Posted by Phil Lilley on May 29th, 2014
Generation patterns lately fairly consistent. Water has been off most mornings, giving fly fishermen a chance to wade below the dam. Generation has been starting mid-afternoon with two units running full until after dark. The one deviation has been when a half unit has been running 24 hours or all day and into the night. Unfortunately, there’s no way to know when that will happen.
Our days have been pretty still this past week. Very little wind makes slick surface water conditions on the lake, which doesn’t always bode well for fish activity. That’s means they don’t like to bite when there’s no wind. It doesn’t mean they won’t — it just means we have to work harder and smarter to catch trout.
Scented bait like Powerbait hasn’t yielded as many bites lately. Adding a night crawler to the hook does improve your chances. Use a Gulp egg to both attract a fish and to float the worm off the bottom by putting the egg on first and sliding it up the line, hooking a half worm once in the middle of the crawler and letting it hang off both sides, then sliding the egg back down on to the worm.
Use two-pound line for more bites. I’d suggest Vanish two-pound.
Fishing off our dock has been slow. It was good the first few days of the holiday weekend, but it seemed like the pool of trout just ran out, or got caught out. The Missouri Department of Conservation has been stocking rainbows on a regular basis, but of course, they rarely stock this far up in the lake. There seems to be more trout down below us, down around Monkey Island and the Branson Landing area.
The section between Short and Fall Creeks has received a lot of pressure, too, so fishing has also slowed down up there. One thing we’ve seen is that there are some rainbows migrating down from the Trophy Area in to the bait area that are being caught on crawlers. These rainbows are much bigger than the stockers you usually find below Fall Creek. That’s a nice bonus of having the Trophy Area.
We’re still suggesting using either a Trout Magnet/Zebra Midge or a marabou jig/Zebra Midge combo under a float. I just went out to prove to myself trout are still taking them. I boated to the old Riverlake dock and threw on the shallow side, setting the float at 5 feet deep. Within 20 minutes I had caught 6 rainbows, 4 on the 1/50th ounce brown/orange jig with an orange head and 2 on the #14 black Zebra Midge.
We’re still seeing some brown trout being caught in the Short Creek area. They seem to gather in this spot for some reason. I heard of a nice brown caught yesterday by someone fishing off a private dock on corn. It was released. Most browns have been caught on crawlers and then on white 1/8th-ounce jigs after the water comes on in the evening.
Duane, our new dock manager, has been helping people rig up using a Trout Magnet with a Zebra Midge dropper under a float. That’s been working as well as anything in these slick-water surface conditions. The Trout Magnet might lure them for a closer look, but the Zebra Midge is just too inviting not to taste. That’s the idea. Fish this anywhere from four- to seven-feet deep, again with two-pound line.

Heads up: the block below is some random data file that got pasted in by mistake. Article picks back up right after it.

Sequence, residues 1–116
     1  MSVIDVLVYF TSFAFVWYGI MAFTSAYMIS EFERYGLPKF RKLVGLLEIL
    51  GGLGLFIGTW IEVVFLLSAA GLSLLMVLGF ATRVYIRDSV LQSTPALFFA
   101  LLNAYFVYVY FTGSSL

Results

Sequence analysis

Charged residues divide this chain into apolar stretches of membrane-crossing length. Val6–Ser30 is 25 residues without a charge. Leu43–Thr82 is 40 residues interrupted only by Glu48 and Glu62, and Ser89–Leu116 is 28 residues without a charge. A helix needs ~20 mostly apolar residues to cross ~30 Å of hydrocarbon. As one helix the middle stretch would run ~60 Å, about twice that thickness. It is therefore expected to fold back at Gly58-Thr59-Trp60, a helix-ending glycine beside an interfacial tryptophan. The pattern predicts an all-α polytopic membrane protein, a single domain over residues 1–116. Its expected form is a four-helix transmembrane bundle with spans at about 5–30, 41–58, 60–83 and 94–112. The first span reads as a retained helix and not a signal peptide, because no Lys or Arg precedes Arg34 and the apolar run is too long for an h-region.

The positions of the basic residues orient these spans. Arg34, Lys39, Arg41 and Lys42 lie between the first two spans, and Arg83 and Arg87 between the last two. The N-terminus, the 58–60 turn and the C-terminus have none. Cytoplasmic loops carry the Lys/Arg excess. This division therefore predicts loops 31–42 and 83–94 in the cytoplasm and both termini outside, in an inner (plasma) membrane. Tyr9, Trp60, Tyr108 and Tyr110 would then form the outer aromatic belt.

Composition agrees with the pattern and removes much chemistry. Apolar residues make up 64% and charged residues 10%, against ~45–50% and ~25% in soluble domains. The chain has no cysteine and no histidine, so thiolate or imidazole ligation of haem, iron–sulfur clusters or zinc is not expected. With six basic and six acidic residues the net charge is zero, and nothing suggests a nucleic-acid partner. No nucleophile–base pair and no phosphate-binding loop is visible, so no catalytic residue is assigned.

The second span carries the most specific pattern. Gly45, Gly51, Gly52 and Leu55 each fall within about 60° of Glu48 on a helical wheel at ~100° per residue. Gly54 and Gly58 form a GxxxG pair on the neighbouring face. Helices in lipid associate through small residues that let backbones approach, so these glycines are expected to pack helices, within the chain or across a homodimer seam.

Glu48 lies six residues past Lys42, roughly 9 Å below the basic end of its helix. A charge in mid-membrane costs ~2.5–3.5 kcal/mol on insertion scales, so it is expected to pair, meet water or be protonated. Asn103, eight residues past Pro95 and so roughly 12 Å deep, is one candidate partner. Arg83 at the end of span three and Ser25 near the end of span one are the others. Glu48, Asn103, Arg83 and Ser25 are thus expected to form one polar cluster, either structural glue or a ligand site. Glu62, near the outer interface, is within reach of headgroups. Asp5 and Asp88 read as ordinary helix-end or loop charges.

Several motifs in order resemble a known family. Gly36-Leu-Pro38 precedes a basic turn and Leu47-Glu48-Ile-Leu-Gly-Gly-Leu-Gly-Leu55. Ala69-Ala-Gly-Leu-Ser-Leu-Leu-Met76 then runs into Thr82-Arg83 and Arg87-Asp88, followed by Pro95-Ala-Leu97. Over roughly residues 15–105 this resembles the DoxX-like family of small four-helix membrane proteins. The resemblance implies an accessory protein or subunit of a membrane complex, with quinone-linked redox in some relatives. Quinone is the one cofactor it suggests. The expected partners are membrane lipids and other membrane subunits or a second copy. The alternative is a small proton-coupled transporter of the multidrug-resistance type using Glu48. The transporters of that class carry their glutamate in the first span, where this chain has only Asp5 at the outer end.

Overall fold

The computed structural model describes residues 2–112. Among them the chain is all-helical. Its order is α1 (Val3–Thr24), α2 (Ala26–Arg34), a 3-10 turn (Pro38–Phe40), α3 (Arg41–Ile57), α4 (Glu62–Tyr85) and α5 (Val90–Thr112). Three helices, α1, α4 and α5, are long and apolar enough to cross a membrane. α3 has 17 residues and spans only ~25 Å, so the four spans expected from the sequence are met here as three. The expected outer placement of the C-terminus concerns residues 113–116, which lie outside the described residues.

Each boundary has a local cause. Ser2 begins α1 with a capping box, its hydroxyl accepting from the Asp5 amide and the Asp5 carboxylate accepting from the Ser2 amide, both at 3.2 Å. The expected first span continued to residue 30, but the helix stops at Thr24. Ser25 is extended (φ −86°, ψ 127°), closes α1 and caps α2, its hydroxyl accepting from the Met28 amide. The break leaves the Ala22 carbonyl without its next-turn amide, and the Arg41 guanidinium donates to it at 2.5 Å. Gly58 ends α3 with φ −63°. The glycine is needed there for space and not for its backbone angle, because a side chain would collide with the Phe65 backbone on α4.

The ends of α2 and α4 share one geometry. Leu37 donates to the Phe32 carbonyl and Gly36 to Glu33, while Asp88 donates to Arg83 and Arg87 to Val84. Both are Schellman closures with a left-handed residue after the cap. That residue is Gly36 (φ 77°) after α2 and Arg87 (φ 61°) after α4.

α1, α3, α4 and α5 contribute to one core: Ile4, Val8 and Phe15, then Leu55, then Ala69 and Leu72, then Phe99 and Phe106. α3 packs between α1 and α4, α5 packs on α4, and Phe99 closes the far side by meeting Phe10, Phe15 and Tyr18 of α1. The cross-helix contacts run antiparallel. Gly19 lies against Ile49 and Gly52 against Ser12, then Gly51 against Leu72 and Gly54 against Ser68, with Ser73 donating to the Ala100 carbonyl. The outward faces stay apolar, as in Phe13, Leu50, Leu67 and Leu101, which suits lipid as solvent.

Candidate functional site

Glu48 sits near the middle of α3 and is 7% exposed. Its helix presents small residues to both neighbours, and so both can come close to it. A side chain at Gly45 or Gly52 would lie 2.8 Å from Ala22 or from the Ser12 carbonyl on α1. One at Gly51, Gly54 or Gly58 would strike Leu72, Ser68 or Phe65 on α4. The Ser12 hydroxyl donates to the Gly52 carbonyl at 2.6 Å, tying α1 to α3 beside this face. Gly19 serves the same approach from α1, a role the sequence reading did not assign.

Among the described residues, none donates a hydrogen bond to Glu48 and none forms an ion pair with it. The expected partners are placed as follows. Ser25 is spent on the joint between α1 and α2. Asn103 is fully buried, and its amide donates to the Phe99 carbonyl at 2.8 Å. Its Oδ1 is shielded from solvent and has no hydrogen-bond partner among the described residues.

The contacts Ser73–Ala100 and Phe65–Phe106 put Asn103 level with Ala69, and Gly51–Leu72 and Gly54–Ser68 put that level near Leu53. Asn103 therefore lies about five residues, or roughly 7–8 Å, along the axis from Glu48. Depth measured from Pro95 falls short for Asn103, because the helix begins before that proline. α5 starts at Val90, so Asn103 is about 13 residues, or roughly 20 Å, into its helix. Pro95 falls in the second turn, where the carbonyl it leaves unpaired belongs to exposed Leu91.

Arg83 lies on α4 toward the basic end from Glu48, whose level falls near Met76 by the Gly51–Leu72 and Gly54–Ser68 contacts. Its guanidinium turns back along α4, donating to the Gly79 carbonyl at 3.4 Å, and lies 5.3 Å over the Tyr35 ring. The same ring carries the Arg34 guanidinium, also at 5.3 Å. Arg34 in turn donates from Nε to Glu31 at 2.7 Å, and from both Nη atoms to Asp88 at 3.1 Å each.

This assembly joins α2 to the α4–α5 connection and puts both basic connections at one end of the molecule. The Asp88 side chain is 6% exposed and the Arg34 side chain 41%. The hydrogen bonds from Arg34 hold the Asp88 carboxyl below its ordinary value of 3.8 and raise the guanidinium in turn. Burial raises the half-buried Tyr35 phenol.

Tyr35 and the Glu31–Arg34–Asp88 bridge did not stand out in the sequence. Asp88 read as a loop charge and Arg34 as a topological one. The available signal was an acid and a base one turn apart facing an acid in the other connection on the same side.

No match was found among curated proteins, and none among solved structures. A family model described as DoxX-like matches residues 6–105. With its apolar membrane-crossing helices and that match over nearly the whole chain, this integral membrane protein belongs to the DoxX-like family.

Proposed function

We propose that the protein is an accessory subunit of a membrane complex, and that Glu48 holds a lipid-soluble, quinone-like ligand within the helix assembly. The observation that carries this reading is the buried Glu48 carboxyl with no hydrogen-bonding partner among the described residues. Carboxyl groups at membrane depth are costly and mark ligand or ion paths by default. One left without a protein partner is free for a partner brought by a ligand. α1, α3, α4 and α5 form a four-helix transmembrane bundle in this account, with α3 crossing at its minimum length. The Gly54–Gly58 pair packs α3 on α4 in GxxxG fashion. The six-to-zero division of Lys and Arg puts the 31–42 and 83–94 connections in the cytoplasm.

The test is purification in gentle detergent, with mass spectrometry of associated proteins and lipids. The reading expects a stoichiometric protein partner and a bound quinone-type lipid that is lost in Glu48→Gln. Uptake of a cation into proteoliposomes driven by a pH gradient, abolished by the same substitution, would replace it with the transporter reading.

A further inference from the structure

Report from the dam area….
I’ve been fly fishing in the Trophy Management Area just about every day before or after working the dock. Fishing has been pretty good.
Midge fishing has been great early in the morning or late in the evening if no water is running. I’ve been using 7x tippet and very small midges (size 18-22’s) to consistently get fish. Many of them are in the 15- to 17-inch range with a few just over 19 inches.
The white mega worm will also usually trick a fish or two when the water is off. Just dead drift it in the shallow, slow moving water and wait until it disappears. When it disappears, set the hook and you will have a fish.
Before work, I’ve been fishing the flats between outlet #1 and #2. After work, I’m spending a lot of time down by Trophy Run and the boat ramp. This area is a lot less crowded than the upper end by the outlets. The chute just above Trophy Run is holding lots of quality fish right now.
When the water is off, the night fishing is starting to pick up also. Stripping or dead drifting pine squirrels and white mink sculpins from the boat ramp down to Trophy Run has been very productive. I’m casting the fly out across the current and just letting it swing. The bite has usually been coming at the tail out of the swing. After the fly has completed its swing, I’ll give it a few strips and then let it set for a few seconds. A lot of fish have been picked up doing this. When setting the hook, try a strip set instead of raising the rod to set the hook. This will help keep the fly in the strike zone if the fish short strikes you on the first try. I’m getting four to five takes on some swings by doing this.
If one unit is being generated during the day, 1/125th-ounce jigs under and indicator have been catching fish, too. Set the indicator three to four feet above an all white, or sculpin-colored jig with the orange head. I’ve also been running a midge dropper under the jig when the fishing really gets tough. Just tie to the eye of the jig a 20-inch piece of 7x tippet and then tie a zebra midge to the other tag end of tippet. Several fish have been caught with the midge dropper on bright sunny days with no wind.
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